Page:Popular Science Monthly Volume 43.djvu/701

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THE PSYCHOLOGY OF LIZARDS.

story. I do not even know—although like observations ought to be made on domestic animals like the dog—that the bearing of them as traits of animal psychology has been brought out. My Spaniard is certainly a lizard apart. He is somebody.

But before going into individual details, I will add the final to the incidents which I have already given concerning my lizards. I have had them three years, and they have kept in admirable health. They have not hibernated, for the house has been kept warmed all the time, and their cage has been near a register. They have therefore been all the time wide-awake and very active. From this we conclude that hibernation is not organic with them like the rest of plants, and that it is a consecutive of cold weather, which causes besides the disappearance of the insects on which they feed.

Their food, therefore, does not necessarily consist of living prey. They eat with the same appetite the remains of beetles, such as the skeletons of night borers, and all decayed or dried chrysalides. Last year, the cabbage butterfly being extremely abundant, I collected a stock of chrysalides which they devoured to the last one. They always refused raw and bloody meat. Nevertheless, when they were forced to swallow it, which was not easy, they digested it.

They are said to be fond of grapes, and in vine-growing countries, I was told, hunt for the fruit. But with me they never wanted grapes, not even the southern variety or the dried raisin.

On the other hand, they are fond of dates, and attacked them with avidity the first time they saw them. I made them up some balls of dates as large as a good-sized grape, of which they were able to swallow three or four one after another I received other ocellated lizards last year, and they all liked dates, one of them to my surprise gulping down a whole one in a wink. It agreed with him perfectly, his digestive powers, as I took pains to observe, proving adequate to dispose of the stone in a proper manner, although my friends feared that it would be caught in the sinuosities of the intestine, with perhaps fatal effects. It seems that this animal estimated rightly the capacity of his digestive apparatus. The preceding curious feature in the present case is that all the lizards at once recognized an eatable fruit in the date, although they had never seen or tasted dates or anything like them. They may have eaten figs at home, but they refused dried figs.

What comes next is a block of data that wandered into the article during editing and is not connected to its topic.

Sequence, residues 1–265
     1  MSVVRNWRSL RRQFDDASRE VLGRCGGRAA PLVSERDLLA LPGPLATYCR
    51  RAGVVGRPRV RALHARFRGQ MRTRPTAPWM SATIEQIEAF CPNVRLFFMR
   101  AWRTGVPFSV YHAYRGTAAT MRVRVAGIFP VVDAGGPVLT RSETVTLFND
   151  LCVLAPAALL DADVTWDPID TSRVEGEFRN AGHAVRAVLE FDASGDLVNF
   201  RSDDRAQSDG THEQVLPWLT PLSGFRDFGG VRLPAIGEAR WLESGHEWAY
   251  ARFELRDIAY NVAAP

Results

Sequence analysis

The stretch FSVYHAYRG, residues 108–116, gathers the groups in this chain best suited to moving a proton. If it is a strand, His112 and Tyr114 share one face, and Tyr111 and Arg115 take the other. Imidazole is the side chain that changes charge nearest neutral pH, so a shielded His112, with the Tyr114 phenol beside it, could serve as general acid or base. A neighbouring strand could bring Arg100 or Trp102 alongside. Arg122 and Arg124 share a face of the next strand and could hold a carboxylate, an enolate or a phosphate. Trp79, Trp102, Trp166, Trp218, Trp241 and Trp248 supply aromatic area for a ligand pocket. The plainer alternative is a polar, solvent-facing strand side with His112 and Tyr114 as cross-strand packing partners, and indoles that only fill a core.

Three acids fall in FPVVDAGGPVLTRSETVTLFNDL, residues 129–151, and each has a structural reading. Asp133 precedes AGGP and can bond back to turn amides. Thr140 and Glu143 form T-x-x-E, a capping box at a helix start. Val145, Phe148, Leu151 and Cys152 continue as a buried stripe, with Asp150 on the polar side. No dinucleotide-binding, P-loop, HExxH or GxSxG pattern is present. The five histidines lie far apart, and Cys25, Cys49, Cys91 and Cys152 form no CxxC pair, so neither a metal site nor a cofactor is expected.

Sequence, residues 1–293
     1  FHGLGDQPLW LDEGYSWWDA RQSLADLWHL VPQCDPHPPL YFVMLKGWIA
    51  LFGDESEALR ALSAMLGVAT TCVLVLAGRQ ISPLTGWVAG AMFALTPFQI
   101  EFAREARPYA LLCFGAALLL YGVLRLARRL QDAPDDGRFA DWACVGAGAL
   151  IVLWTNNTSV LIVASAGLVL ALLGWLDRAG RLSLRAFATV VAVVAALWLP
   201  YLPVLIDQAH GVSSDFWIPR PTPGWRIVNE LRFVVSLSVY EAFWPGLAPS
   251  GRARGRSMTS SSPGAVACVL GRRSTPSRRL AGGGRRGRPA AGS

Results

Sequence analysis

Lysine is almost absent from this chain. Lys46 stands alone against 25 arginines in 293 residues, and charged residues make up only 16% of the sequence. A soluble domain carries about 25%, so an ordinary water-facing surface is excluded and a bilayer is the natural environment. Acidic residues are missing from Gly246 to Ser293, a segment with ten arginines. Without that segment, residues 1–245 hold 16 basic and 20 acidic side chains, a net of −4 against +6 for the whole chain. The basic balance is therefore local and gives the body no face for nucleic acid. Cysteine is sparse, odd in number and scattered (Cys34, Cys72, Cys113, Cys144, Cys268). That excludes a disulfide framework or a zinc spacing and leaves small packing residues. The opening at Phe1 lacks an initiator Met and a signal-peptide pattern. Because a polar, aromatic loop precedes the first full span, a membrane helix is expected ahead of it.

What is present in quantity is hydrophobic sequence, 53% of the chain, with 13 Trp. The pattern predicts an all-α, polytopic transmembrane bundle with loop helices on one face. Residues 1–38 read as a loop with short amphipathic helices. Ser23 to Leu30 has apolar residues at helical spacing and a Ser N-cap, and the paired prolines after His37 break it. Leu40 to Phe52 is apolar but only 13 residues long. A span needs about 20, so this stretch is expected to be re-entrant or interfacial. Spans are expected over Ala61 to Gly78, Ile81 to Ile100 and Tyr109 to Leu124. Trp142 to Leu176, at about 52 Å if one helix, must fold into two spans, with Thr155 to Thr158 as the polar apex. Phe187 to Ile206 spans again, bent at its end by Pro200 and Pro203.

All my lizards lived, I might say, in freedom. During our summers in the country, they had a large room with latticed windows, with sunshine on three sides. They had stones and boxes of every sort, and for a gymnasium convenient scaffoldings furnished with rags in which they climbed, hid, and chased one another with evident amusement.